Tip: Sit-on-top Kayaks are the go to type form most experienced anglers. There are sit-in fishing kayaks and for cold rough water the dry ride may out weigh the upside to sit-ons. But here at Yakfishin365 we are all about and HIGHLY recommend a Sit-on-Top Kayaks for kayak fishing in most water.@yakfishin365
Inflatable kayaks are somewhat new to the industry and are now just getting quality level making them a lightweight and portable choice. These are a solid choice for fishing in remote locations or for those with very little storage space (condo or apartment). Many come in a storage pack with straps allowing you to carry like a backpack giving you endless possibilities when it comes to remote locations.
At some point I see getting an inflatables for my trout fishing trips where I hike into deep into public lands and federal management areas. One trip I can totally see doing is floating the Chattahoochee in Georgia. Its hundreds of miles long and runs right through Atlanta. I envision this great trip where I spend several days fishing and camping from the cold run off up in the mountains to the warmer muddy waters down in Atlanta before grabbing a several hundred dollar uber back to my put in. Of course there is a lot more to it, but this is just an example of how an inflatable can be a game changer. If you are a bit of a maverick and live in an area with remote fishing areas this could be a great solution.
Stability is a crucial factor to consider when choosing a kayak for fishing. Primary stability refers to how stable the kayak is when it’s sitting still on calm water. Secondary stability refers to how stable the kayak is when it’s tilted with the primary stability exhausted. It is very important to test paddle several kayaks whenever you can and see how they perform. You want to rock back and forth and find both their primary and secondary tipping points. If you plan on standing you are going to want a kayak with very small primary and almost non-existent secondary tipping points. These will be the wider, slower and heavy (well made) kayaks.
Tip: When using a kayak for the first time spend a couple minutes to get comfortable with the kayak’s primary stability. Keeping you head and shoulders perfectly vertical and in the center of the kayak, swivel your hips (think hula dancing) back and forth. At first it may feel like is going to flip but it won’t if you keep in the middle of the kayak. Flipping only occurs when your head and shoulders get too far from the center of the kayak.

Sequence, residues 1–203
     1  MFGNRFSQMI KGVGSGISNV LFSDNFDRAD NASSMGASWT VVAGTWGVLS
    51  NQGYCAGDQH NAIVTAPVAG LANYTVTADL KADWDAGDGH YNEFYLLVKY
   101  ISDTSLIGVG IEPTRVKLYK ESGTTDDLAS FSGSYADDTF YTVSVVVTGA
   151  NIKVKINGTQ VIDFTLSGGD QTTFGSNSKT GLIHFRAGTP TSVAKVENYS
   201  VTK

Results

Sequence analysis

Sit-on-top kayaks tend to have better primary stability because of their wider hulls. However, they can be less stable in rougher water conditions due to the majoiry of the mass sitting high off the water. Sit-in kayaks have better secondary stability because their lower center of gravity makes them less likely to tip over.
The biggest functional differences between the cheaper big box kayaks and the $1000 and up kayaks will be the stability. Wider, heavier, kayaks with highly engineered hull designs are just going to be more stable. I have owned kayaks that are 28″ to 34″ wide and 12′ to 14′ long. In general the wider my kayak the more stable it is, however its not always that case because hull design makes a major impact as well. So much so, I have a kayak thats 32″ wide and I can stand in it much easier than my wider 34″ kayak because the hull flares out on this sides creating two pontoon like shapes running down each side.
There are exceptions to the rules, so it is paramount you do everything you can to test kayaks you are thinking of buying and at the very least try to talk to someone that owns one you are looking at and get their take on the boat.
Things that impact stability
- Width of Kayak
- Hull Shape of Kayak
- Height of your seat
- How close your are to the Kayaks’ weight capacity
Get Comfortable with Proper Seating
There are several seating options available for kayaks, each with their own set of pros and cons that can impact performance and cost.
Basic Molded Seats
Basic molded seats are often the most affordable option and come standard with many entry-level kayaks. While these seats provide a simple and comfortable seating option, they often lack the adjustability and support that more advanced seating options offer.
Pros: Affordable, simple and comfortable.
Cons: Limited adjustability and support, can become uncomfortable during long trips.
Adjustable Molded Seats